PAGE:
Friday, August 12 2022

Finally, one thing we all agree on: Sarasota needs affordable housing. Now.

In these polarized and divisive times, when even a cat video on YouTube can produce toxic viral debate, it seems impossible that the people of Sarasota County can agree on anything.

But in recent conversations – with a business owner desperate for employees; a service worker burning hard-earned minimum wage on gasoline to get around; a university graduate forced to return home after accepting a “first job” salary; a wealthy condo dweller who wants the downtown homeless population to die out; and a family whose rent was doubling from month to month – I always heard the same thing:

What Sarasota needs most is affordable housing.

“Affordable housing has gone from a moral dilemma to an existential threat to our economy,” said Jon Thaxton of the Gulf Coast Community Foundation at a recent conference on the affordable housing crisis given at the Charlotte County Democratic Progressive Caucus.

“It’s now the No. 1 concern of people in the community,” Thaxton said.

It’s worth more than an hour of your time to listen to Thaxton’s speech, which includes an in-depth analysis of the forces that have created our housing crisis, as well as a roadmap for getting out of it.


The fourth-generation Sarasota native, who has studied the subject for decades, explains how our market’s preference for high-end housing that maximizes developer profits (and increases the need for service workers) has created demand for housing for the labor force which dwarfs the supply. The imbalance fuels traffic, pollution, homelessness and mental health issues and strains non-profit and government budgets.

Despite the comprehensive plan’s multiple policies intended to address affordable housing, according to Thaxton’s research, “not a single [affordable housing] unity was never created or maintained by just one of these policies. Zero.” More of the same approach, he says, will only dig deeper into the housing hole.

While city and county leaders have long asserted that affordable housing is a top priority, their actions have been piecemeal, fragmented and woefully inadequate. On their own, solitary concepts like ADUs (affordable housing), impact fee reductions, or density increases can play a role in mitigating the crisis, but they will never produce the kind of numbers units we need – and hardly ever for residents with the lowest incomes. brackets.

Take the plan to the Sarasota City Commission this week, which proposes removing building heights from the overall plan to allow for greater downtown density, in exchange for an undetermined number of “affordable” units. These units would be priced at 120% of the area median income (AMI), which translates to a mortgage approaching $400,000 or a rent of over $2,300 per month. Given that “affordable” housing is defined as requiring less than 30% of an individual or family’s gross income, how many service workers do you know who would qualify?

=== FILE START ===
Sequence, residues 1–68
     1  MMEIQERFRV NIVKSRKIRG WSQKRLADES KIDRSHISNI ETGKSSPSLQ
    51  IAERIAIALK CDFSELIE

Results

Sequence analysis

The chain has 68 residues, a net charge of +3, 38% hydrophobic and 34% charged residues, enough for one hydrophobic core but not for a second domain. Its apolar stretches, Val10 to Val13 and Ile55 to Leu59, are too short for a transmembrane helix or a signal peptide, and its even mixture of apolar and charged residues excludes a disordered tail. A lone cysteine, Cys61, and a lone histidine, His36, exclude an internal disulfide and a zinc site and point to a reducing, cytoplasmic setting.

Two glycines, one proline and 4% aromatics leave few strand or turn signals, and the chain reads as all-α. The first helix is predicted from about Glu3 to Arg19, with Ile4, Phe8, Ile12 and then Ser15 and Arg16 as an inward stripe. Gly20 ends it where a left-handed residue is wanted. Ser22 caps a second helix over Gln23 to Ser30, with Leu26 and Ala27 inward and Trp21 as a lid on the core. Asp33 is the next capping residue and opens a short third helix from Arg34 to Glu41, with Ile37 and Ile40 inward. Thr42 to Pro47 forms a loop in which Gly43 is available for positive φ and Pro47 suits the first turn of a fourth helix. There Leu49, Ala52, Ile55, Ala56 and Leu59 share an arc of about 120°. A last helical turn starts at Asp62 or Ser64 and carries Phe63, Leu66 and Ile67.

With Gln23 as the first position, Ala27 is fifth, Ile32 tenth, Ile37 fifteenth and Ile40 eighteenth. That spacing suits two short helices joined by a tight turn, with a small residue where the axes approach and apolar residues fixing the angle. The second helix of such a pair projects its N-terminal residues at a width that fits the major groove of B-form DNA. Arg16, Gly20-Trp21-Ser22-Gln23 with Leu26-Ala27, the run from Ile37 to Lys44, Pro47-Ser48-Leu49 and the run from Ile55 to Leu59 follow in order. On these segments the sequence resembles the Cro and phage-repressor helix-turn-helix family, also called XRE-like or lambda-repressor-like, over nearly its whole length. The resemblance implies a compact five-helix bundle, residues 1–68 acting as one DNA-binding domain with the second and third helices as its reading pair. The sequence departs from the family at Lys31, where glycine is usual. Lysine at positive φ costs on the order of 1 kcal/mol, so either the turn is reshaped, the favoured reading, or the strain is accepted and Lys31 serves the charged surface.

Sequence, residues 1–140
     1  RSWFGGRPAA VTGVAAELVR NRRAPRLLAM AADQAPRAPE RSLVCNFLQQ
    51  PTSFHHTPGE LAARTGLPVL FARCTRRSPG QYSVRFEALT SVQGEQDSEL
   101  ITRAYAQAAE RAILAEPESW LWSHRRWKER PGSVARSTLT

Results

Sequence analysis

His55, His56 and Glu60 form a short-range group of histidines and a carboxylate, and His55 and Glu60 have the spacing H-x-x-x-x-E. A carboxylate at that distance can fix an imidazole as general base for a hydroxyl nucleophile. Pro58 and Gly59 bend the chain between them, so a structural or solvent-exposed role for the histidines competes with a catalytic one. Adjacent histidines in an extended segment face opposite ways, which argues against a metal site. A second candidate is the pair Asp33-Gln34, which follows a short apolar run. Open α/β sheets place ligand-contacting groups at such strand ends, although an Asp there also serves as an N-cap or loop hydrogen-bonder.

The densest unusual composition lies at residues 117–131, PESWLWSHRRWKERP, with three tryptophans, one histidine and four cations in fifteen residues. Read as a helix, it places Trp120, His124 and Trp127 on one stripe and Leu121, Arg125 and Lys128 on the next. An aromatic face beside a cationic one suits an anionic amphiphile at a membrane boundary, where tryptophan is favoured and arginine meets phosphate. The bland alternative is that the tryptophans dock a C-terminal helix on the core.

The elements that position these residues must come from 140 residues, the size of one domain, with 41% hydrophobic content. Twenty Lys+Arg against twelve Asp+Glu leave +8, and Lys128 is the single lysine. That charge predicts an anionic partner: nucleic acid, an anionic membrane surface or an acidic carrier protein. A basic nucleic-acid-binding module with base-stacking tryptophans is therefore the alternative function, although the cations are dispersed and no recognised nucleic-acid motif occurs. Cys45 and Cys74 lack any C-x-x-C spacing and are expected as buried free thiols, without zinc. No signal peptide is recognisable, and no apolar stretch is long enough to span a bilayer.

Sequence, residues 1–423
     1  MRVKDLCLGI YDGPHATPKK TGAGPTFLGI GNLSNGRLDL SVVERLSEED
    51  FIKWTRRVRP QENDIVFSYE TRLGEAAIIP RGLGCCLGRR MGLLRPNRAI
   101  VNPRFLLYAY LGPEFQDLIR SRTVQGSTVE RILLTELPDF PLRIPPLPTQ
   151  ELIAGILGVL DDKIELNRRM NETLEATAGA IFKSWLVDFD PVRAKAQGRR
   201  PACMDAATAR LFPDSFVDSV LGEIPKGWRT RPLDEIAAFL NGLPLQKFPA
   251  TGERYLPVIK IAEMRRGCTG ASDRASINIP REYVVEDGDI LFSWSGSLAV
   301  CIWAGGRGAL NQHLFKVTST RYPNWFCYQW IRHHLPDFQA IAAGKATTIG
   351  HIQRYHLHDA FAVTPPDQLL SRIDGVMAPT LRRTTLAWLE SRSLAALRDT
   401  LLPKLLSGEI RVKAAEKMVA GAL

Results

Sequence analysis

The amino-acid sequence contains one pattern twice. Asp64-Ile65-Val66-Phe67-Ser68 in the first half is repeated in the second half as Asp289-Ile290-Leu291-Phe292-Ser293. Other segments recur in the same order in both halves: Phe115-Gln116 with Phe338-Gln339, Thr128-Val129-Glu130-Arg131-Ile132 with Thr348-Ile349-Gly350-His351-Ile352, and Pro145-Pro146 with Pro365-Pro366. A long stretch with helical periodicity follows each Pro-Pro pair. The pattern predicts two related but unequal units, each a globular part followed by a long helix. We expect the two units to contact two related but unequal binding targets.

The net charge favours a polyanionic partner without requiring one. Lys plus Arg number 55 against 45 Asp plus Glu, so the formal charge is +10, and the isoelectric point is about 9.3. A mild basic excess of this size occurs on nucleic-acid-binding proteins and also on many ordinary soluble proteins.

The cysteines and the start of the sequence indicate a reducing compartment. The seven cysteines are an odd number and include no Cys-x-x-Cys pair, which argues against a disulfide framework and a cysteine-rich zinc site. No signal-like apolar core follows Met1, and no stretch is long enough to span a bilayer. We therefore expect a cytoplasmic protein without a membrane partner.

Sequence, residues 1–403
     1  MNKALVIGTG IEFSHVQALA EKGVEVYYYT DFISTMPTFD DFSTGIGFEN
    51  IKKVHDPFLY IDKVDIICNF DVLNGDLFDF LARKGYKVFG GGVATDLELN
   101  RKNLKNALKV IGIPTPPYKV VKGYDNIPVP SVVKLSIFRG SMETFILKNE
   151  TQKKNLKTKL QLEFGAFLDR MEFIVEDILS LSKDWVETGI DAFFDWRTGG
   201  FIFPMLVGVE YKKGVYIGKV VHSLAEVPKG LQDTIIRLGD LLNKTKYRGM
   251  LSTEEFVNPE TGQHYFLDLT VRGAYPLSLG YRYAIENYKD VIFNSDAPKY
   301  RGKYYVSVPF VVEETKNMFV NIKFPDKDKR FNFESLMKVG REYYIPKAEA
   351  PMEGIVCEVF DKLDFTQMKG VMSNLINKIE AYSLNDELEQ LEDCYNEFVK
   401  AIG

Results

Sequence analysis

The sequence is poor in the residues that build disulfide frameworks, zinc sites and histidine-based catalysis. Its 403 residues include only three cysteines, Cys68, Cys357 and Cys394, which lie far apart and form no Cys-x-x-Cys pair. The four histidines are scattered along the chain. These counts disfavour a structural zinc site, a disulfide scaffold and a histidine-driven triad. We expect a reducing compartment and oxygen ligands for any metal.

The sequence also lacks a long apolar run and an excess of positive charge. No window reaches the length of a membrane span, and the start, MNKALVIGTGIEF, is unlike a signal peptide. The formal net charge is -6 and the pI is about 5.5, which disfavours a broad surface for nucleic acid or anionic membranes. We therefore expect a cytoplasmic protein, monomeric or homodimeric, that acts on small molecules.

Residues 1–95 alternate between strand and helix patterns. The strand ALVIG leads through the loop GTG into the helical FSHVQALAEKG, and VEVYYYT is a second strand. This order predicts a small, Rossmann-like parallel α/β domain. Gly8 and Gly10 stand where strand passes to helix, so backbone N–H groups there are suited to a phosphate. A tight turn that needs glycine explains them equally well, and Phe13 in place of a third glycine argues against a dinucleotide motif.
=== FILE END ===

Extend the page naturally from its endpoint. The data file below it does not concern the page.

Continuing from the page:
In case you missed it:How zoning could bring Sarasota more affordable housing

The plan also extends administrative approval of development plans downtown (i.e. with little or no public input or consent), which has helped bring in the giant upscale condominiums that have exacerbated the problem in the first place.

The commission is also considering establishing a zoning overlay district in part of the Park East neighborhood (north of Fruitville Road and east of US 301), which is threatened by gentrification that has engulfed neighboring areas. like Gillespie Park. This would allow construction of duplexes, triplexes and other multi-family dwellings in a downtown corridor neighborhood currently zoned for single-family homes.

This “missing middle” housing – a term used to describe multi-unit or cluster units that meet the demand for urban, walkable living for low-wage workers – is exactly what we need, albeit at a much larger scale than in this little pocket. Yet because Park East is in the downtown corridor, the overlay would come with administrative approval, which cuts the public out of the equation and could sabotage the proposal.

Carrie Seidman

Instead of this patchwork approach, Thaxton advocates treating affordable housing as infrastructure – like our streets, libraries or parks. As such, it needs a long-term, coordinated and comprehensive strategy that is demand-driven, driven by data, research and best practices, and monitored with constant adjustment.

It requires a recurring source of funding to provide grants and would greatly benefit from the creation of a dedicated city/county position staffed by an expert with in-depth knowledge of affordable housing practices, instruments and finance.

Not only could this approach help build the kind of urban landscape that Sarasota aspires to – with a mix of residents, residences, businesses and activities – but it represents the best chance to begin to reverse a crisis that has lasted for decades. decades and which will take decades to resolve.

“There’s no magic bullet,” Thaxton said. “It’s taken Sarasota 30 years to get into this hole and we’re not going to come out of it overnight.”

Contact columnist Carrie Seidman at [email protected] or (505) 238-0392.


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